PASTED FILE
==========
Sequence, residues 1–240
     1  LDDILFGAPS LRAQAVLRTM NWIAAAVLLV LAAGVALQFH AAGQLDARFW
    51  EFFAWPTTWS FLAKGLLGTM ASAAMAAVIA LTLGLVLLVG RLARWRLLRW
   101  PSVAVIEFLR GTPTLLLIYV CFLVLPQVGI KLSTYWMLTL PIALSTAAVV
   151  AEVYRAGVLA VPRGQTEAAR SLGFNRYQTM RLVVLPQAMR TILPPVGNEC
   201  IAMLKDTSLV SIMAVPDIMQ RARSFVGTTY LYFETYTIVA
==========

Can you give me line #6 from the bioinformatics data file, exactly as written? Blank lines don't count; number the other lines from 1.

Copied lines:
   201  IAMLKDTSLV SIMAVPDIMQ RARSFVGTTY LYFETYTIVA